“Reduction in custom milling fees from the current US$8 000 on the basis that when the fee was US$2 000 there were 485 millers which were registered but now at US$8 000 the registered millers are now around 51. The challenge is that there are many millers who cannot afford to pay the required fee of US$8 000 but are still operating and selling their gold on the black market and/or smuggling gold out of the country.” RBZ, 2016 Midterm Monetary Policy Statement (page 65).

The ZMF president also appealed for a frank discussion among gold custom millers and to be focused on coming up with strategies for ensuring that government listens and acts according to address their concerns. She highlighted that the Bulawayo meeting with Custom millers is a kick start to ZMF’s programme of engaging with gold custom millers across the country.

ZELA’s value proposition

Mukasiri Sibanda shared ZELA’s value proposition to small scale gold custom millers which revolved around empowering the players to document and tell their own stories to show case challenges, positives and to demand the change they want to see. This will help to count negative publicity escalating ASM risk profile with policy makers, investors, market and the public. Oftentimes, ASM stories have headlines on violence, environmental, safety and health challenges and gold leakages. Unless, the players in ASM learn to tell their own story, they lose control on influence public dialogue on the sunny side of ASM as an integral component of rural economies. Its impact on employment creation, income generation and stimulation of community enterprise development.  The voices of small scale gold custom millers must be heard beyond the meeting walls, to appropriately and continuously inform stakeholders on key developments in the sector. He also challenged small scale gold custom millers to take seriously the threat posed by sharp fall of gold deliveries from ASM.  Policy markers willing to use a stick will take this as an excuse to come up with punitive measures to address alleged gold leakages. Past lessons should serve as a wakeup call to ASM players. Operation Chikorokoza Chapera (an end to artisanal mining) in 2007) was designed to stop gold leakages from ASM and to enhance sustainable environmental management practices.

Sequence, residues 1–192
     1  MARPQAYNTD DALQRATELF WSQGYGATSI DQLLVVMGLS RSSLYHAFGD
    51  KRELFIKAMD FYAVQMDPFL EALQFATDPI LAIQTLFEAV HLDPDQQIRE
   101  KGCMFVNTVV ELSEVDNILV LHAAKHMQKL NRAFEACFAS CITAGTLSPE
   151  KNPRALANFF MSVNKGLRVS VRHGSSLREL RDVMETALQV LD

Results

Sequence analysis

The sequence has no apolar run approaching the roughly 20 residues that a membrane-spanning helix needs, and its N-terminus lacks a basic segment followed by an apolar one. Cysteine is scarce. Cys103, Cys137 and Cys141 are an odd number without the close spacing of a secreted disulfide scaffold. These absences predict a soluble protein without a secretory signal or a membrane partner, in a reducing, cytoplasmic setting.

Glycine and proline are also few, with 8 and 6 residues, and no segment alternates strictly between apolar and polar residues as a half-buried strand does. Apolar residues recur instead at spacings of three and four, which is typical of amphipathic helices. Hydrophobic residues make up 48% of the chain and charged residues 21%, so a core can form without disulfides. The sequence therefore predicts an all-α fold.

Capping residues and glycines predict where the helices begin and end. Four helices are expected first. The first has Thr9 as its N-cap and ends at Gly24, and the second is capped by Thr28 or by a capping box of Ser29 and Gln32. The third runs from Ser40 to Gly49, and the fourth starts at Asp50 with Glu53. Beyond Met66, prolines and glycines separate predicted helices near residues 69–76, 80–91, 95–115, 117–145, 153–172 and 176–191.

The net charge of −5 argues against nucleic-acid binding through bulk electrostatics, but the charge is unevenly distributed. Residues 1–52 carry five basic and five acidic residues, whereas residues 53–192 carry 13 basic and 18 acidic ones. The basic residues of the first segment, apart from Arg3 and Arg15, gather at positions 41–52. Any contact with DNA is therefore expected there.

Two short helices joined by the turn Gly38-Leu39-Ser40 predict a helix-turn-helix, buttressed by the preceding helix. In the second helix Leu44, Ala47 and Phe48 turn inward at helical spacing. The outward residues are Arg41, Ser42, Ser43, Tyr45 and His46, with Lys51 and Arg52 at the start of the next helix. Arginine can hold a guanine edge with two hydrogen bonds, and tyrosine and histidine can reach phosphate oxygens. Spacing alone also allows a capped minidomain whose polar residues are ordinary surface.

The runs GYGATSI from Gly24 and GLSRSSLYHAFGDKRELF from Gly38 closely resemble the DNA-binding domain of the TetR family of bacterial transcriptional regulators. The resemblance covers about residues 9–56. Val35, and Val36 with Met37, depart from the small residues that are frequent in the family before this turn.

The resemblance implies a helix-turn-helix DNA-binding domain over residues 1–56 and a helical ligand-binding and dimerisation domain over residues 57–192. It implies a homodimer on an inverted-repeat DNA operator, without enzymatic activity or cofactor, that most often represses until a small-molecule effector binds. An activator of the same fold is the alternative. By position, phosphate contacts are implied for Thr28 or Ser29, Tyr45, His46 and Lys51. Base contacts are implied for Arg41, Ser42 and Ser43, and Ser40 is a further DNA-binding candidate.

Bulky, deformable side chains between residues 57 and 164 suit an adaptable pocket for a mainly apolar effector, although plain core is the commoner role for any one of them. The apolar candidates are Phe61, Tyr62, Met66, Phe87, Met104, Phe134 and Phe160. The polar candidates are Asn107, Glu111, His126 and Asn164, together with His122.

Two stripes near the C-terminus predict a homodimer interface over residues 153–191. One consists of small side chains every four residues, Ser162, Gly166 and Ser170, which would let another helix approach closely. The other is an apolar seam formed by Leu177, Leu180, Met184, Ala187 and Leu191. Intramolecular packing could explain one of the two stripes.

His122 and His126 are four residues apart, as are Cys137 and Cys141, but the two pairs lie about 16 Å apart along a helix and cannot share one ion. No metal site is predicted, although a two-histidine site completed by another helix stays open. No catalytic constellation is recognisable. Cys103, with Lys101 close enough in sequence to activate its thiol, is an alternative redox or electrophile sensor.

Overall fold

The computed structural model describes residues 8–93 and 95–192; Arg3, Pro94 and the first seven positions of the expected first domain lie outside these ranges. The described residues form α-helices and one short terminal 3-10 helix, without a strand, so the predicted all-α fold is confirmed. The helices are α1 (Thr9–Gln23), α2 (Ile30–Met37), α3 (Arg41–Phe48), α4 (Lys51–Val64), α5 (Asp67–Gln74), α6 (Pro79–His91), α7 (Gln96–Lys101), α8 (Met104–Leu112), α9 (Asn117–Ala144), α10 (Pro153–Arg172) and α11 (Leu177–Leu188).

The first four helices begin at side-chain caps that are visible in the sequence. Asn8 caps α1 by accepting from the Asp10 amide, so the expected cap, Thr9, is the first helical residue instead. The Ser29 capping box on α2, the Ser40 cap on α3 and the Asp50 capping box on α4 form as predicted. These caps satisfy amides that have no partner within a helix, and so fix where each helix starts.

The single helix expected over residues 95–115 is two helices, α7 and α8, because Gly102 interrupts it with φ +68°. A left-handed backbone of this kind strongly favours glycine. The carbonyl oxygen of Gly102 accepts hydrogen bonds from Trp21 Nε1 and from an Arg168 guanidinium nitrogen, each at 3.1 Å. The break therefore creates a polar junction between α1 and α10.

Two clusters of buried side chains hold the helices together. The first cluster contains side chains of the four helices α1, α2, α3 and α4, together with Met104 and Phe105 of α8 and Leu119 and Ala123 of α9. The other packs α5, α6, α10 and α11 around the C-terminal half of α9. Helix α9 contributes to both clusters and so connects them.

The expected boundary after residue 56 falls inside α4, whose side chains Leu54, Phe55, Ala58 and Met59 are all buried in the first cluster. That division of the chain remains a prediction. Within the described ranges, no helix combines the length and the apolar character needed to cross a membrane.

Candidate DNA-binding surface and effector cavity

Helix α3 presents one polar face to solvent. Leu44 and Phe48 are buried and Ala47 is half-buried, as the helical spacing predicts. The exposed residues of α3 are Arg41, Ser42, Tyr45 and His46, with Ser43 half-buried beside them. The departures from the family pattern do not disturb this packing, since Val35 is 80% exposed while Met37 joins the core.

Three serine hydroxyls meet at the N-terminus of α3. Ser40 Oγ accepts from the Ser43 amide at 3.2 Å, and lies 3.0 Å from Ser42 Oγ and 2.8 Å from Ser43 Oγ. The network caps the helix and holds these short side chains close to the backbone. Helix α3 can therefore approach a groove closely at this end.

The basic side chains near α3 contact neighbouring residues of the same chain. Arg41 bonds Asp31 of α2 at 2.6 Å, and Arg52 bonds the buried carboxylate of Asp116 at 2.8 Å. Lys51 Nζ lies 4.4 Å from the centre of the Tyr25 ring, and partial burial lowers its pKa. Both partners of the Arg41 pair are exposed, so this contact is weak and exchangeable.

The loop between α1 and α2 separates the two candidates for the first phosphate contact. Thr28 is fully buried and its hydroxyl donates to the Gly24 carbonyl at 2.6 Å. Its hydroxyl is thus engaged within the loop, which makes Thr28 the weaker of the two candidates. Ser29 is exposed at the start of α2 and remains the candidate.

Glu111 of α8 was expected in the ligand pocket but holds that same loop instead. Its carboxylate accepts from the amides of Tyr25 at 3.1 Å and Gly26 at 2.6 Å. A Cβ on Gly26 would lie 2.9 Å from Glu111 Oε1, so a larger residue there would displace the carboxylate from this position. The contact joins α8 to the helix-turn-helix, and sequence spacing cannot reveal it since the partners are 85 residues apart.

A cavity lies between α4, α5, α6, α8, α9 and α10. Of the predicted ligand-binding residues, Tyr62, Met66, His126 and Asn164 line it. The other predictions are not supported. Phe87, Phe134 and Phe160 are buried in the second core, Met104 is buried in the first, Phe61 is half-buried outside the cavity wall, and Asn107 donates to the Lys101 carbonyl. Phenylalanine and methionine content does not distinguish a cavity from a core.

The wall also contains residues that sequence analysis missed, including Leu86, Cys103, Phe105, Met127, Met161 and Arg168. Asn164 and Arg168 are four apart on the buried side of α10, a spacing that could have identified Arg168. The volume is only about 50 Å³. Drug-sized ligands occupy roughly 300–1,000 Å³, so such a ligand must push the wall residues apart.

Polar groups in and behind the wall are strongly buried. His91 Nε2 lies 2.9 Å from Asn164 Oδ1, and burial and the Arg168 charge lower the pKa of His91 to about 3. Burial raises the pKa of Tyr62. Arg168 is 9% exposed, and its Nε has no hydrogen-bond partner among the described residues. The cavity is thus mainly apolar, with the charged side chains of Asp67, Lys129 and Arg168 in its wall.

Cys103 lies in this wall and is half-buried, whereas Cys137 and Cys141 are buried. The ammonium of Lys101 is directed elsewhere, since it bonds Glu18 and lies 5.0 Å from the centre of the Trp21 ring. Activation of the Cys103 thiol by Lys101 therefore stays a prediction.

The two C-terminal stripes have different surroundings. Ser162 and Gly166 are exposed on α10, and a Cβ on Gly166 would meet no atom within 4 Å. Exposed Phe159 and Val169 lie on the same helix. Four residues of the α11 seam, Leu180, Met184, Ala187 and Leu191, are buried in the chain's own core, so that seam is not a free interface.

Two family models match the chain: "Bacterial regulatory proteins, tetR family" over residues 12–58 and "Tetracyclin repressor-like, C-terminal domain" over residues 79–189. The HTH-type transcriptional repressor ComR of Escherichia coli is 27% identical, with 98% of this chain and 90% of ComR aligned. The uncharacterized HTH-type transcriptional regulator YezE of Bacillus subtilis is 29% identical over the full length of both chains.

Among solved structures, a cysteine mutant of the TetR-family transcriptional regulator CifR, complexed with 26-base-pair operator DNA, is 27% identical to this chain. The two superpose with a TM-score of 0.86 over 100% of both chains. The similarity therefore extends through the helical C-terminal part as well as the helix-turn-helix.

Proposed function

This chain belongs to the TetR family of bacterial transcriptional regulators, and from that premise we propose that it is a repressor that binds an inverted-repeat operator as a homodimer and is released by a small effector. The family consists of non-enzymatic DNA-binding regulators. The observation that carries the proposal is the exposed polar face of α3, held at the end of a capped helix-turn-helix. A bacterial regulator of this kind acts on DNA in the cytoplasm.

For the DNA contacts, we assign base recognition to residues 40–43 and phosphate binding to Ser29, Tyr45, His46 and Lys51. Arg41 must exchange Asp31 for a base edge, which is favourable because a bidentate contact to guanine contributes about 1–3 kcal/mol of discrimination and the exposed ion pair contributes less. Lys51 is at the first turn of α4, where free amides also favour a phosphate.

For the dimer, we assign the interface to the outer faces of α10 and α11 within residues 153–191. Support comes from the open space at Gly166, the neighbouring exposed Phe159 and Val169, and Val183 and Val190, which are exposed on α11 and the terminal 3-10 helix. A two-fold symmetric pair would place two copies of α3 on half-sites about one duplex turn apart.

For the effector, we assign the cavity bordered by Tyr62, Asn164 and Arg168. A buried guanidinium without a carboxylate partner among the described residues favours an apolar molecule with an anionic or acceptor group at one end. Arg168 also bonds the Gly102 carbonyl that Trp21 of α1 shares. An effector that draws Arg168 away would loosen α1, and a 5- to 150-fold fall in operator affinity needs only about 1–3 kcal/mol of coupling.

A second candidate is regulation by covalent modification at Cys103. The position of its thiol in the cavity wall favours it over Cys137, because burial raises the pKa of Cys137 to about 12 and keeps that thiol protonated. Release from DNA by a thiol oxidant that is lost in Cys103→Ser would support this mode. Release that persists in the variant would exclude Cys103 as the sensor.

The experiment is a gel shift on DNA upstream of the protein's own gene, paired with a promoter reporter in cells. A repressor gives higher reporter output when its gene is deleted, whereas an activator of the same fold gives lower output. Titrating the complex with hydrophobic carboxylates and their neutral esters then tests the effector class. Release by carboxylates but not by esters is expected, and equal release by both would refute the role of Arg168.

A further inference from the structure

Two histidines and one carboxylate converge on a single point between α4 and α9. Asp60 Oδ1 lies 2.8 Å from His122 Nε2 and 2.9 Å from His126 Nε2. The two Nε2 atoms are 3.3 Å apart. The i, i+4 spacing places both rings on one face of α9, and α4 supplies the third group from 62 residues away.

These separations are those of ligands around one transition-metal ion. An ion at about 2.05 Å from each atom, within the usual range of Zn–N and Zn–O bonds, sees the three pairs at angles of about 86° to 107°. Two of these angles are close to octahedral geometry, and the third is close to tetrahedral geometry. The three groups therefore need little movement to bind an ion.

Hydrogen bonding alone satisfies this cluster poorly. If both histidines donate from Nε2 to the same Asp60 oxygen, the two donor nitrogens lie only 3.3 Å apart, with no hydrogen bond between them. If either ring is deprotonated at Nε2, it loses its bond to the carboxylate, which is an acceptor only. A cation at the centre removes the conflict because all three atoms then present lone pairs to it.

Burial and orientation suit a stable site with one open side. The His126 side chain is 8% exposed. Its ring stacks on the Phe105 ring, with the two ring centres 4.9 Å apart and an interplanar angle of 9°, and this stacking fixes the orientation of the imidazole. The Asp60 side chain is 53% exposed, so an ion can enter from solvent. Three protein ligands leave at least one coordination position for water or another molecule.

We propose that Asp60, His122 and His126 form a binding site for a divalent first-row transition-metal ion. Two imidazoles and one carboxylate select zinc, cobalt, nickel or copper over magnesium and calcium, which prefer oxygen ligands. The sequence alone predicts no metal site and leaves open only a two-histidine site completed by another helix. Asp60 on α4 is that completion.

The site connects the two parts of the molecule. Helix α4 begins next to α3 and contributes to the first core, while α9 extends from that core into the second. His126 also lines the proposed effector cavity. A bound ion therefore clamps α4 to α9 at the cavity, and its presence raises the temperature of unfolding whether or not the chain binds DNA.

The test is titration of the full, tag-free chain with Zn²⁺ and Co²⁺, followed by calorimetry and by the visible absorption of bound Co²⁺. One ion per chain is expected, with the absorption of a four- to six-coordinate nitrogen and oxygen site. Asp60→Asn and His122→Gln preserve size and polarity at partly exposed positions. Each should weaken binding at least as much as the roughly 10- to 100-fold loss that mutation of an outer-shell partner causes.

Charged conversations on challenges faced by small scale gold custom millers.

“We have meeting always to discuss the challenges that we are facing but nothing changes on the ground. The same problems are persisting. We are wasting time. Government is not hearing our concerns” Small scale gold custom miller

“It is the duty of the ZMF to take your concerns to relevant government institutions. The president has ready access to the Minister of Mines, FPR management, RBZ governor and other key offices. So be assured that this is not a talk show” Wellington Takavarasha, ZMF CEO

“Small scale gold custom millers should think outside the box when coming up with strategies to engage with government to improve the ease of doing business environment. Consider that if recommendations from Monetary Policy Statements by RBZ, a key government, on ease of doing business in ASM sector are not being implemented, who is frustrating the process? What does it take to achieve institutional harmony in government?” Mukasiri Sibanda, ZELA’s Economic Governance Officer.

Foreign currency retention ratio, what is at stake